Steak and Spirits
High Noon Restaurant and Saloon
“Oh, yes,” she answered, seeming slightly bored. “The guys from the Albuquerque ghost tour were just in here with their equipment.” Our hostess clarified that she hadn’t seen the phantom herself, though she added she’s nervous about using the ladies room, one of its favorite haunts. Certainly the building itself lends a certain credence to this vague spook story. It’s an ancient adobe home built in 1783 with low ceilings and thick walls. The first room past the foyer is a shadowy space where carved wooden santos peer out from niches in the wall. In the next room, the ceiling vaults upwards into a spacious dining area, but even here there are oddities: Ceramic lamps hang from above, their perimeter decorated with eerie masks, light pouring from open eyes and mouths.
“Oh, yes,” she answered, seeming slightly bored. “The guys from the Albuquerque ghost tour were just in here with their equipment.” Our hostess clarified that she hadn’t seen the phantom herself, though she added she’s nervous about using the ladies room, one of its favorite haunts.
But no apparitions materialized as we were taken to our seat in a cozy corner of the main dining room and handed menus. With an eye out for paranormal appearances, we delved into the starters. The tres amigos ($12) is a triptych of salsa, guacamole and queso, each in its own tostada bowl. The queso is the standout here, light bodied, nearly fluffy in fact, with a creamy richness far from the usual processed cheddar you find in such dishes. Next we tried the red chile beef bites ($10). A tenderloin cut’s worth of flash-fried cubes arrives swimming in a buttery red chile sauce with a flour tortilla on the side. The beef is soft and rich with a spicy marinade and a sweetness the server told me comes from a brown sugar glaze. One peculiar addition to the appetizer menu is a brie empanada ($11) that’s far more suited to dessert, so more about that later.
With a traditional margarita, a traditional New Mexican combinación platter only makes sense. The Plaza platter ($16) comes with a taquito, a cheese enchilada, a pork tamale and a relleno stuffed with tender pork rib meat. Order it with the smoky, cumin-touched red chile. The enchiladas here are flat and cooked in a bit of oil to give them some toothiness.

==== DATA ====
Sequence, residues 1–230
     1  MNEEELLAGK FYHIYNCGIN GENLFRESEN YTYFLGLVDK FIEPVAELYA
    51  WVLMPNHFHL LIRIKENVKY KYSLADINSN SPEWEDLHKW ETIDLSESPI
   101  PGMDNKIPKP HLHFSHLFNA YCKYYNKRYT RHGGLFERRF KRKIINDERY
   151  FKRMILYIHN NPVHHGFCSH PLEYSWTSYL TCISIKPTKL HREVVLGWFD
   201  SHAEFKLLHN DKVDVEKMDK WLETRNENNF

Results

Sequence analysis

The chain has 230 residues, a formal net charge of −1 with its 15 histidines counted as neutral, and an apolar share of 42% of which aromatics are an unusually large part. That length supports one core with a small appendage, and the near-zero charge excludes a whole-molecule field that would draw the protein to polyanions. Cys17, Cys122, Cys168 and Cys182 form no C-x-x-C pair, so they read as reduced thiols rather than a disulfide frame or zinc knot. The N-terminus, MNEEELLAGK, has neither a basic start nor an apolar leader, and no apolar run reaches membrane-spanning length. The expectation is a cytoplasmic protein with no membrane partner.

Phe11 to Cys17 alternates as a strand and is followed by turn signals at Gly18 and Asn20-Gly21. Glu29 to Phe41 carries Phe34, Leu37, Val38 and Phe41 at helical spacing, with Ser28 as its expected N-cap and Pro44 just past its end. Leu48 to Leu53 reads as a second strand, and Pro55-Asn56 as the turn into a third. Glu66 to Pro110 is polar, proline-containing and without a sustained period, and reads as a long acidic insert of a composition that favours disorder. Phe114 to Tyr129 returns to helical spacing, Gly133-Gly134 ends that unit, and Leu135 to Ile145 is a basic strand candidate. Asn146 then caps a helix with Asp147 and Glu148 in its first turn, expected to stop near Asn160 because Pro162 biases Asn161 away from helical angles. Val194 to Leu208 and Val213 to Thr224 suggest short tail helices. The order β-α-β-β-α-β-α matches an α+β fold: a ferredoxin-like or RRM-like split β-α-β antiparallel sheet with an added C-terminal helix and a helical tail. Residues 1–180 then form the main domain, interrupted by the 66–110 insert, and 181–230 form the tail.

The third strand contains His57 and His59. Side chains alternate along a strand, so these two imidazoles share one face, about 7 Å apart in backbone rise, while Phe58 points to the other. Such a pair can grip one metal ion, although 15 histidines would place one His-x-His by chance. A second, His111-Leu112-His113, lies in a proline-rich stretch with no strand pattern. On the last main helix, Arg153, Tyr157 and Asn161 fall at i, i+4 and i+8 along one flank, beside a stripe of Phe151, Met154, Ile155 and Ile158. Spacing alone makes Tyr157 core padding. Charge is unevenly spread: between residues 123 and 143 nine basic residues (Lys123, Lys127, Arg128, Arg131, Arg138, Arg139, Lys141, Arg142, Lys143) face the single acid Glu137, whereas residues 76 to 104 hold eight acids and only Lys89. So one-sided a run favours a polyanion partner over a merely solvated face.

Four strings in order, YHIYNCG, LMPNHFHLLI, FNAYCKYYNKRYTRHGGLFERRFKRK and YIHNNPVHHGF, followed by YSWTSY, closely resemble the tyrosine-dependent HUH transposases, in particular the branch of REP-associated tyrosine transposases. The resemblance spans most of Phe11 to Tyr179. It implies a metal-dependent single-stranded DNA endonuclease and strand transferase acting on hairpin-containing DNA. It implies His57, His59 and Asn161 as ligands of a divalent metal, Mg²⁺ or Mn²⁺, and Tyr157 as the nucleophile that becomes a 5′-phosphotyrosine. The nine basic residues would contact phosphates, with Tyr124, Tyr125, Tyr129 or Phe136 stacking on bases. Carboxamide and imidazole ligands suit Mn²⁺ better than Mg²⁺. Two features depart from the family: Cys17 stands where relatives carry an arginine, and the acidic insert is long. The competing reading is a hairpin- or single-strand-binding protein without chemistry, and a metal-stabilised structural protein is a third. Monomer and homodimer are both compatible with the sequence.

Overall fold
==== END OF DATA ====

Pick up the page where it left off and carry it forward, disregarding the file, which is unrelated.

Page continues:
If your habits run more toward a naked carnivorism than tradition, the braised short rib ($13 at lunch, $22 for a plateful during dinner) is a sure bet. Super tender pork that falls apart in your mouth with a sweet, slightly fruity peach barbecue sauce and served on a bed of green chile mashed potatoes (which, after tasting, has forever changed my perspective on mashed potatoes), this is a must try. At dinner the meat options expand with several steaks, including a brown sugar-cured tenderloin ($30). The touch of caramelized sweetness sets off the rich meat and gives each bite a pleasing interest.
Then comes the penultimate question: “Did you save room for dessert?” We had to unbutton our jeans and steel ourselves mentally, but we said “Yes.” And I am glad. We had a difficult time choosing among favorites like flan and tres leches cake, but in the end we decided to try something more unusual. At our server’s recommendation, we ordered our meal-closer from the appetizer menu: the aforementioned brie empanadas ($11). Two triangular, flaky pastries stuffed with, naturally, brie, drizzled over with a slightly spicy apricot-
425 San Felipe NW
Hours: 11am to close, Monday to Saturday
Noon to close, Sundays
Vegetarian options: Yes
Paranormal activity? In the bathrooms and by the bar
Vibe: Quaint and ever so slightly spooky
Extras: Happy hour and live music
The Alibi recommends: Plaza platter, braised short ribs, beef tenderloin, brie empanadas